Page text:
Aerial Perspective Arlington Office Building for War Department [The Pentagon]
"Aerial Perspective Arlington Office Building for War Department" [The Pentagon]
Architectural design by G. Edwin Bergstrom and David J. Witmer for the War Department Drawn by T. Stathes, July 31, 1941
Colored pencil on tracing paper, mounted on board
20" x 26"
National Archives and Records Administration, Records of the Public Buildings Service

The Pentagon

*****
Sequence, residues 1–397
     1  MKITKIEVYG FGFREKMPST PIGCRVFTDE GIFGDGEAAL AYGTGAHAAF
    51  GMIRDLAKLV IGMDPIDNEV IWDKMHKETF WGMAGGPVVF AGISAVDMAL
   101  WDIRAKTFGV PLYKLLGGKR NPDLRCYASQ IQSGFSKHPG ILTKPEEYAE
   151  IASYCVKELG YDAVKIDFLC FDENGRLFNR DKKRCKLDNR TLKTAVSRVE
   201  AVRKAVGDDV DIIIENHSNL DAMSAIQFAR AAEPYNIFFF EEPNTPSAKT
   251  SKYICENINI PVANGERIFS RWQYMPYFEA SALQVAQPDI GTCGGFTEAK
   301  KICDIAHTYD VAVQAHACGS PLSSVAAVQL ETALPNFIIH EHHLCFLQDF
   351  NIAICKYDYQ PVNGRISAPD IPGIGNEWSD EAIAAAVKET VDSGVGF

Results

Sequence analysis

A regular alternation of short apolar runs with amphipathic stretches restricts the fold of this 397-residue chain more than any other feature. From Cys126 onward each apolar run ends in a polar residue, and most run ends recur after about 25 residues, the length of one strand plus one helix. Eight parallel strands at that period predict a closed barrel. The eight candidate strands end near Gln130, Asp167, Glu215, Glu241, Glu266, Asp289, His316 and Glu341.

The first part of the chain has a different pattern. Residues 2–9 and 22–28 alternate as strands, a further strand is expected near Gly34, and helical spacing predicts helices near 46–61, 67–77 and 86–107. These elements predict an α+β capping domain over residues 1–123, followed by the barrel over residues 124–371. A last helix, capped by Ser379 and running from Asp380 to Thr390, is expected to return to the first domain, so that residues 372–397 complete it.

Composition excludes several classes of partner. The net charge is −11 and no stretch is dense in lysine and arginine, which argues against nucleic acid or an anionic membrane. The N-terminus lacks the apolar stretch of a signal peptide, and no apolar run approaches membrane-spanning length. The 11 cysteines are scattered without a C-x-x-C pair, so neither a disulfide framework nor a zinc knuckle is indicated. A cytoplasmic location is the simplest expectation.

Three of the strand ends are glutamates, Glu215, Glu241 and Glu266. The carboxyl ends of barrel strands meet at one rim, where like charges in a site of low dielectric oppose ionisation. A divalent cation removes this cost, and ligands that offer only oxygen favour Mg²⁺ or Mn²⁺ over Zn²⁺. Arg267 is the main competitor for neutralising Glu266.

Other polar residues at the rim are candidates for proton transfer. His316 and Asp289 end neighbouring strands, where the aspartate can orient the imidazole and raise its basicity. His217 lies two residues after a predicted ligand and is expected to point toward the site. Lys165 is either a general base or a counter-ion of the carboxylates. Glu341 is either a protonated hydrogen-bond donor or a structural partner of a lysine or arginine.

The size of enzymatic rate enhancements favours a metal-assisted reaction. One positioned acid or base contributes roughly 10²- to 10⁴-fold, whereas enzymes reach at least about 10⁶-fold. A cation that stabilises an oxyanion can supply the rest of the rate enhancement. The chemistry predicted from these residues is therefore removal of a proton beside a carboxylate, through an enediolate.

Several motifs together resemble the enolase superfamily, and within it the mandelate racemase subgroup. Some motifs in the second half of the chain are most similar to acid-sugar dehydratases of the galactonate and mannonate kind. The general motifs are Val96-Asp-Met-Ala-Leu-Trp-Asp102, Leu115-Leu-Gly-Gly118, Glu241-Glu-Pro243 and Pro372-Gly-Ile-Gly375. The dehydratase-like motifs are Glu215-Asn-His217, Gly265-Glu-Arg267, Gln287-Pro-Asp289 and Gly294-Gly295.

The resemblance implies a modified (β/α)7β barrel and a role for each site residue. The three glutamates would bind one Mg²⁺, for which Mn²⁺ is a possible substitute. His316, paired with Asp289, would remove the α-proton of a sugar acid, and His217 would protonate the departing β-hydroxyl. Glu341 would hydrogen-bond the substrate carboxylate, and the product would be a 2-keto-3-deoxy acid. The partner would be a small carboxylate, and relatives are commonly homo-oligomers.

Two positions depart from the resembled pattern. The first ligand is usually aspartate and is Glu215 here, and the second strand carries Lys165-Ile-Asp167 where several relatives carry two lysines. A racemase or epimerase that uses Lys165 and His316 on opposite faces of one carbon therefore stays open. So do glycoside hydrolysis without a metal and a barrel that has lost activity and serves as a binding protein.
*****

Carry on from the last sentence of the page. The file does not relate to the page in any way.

With one of the most recognizable building silhouettes in the world, the Pentagon came to symbolize modern American military power. However, it was built to consolidate the scattered parts of the War Department under one roof, a task that took on urgency as war threatened to engulf the United States in mid-1941. The challenge of designing the new building fell to G. Edwin Bergstrom, Chief Consulting Architect for the War Department, and David J. Witmer. In July 1941 Witmer and Bergstrom sequestered themselves for a weekend and settled on the basic outlines of a design. T. Stathes's drawing shows the now familiar five-sided shape they agreed on; later revisions transformed the building's barracks-like inner structure into a series of concentric circles. The building's shape, which echoes the star design of early forts, and its interior courtyard remained unchanged. Construction began in September 1941. Workers labored around the clock until it was completed in December 1942.

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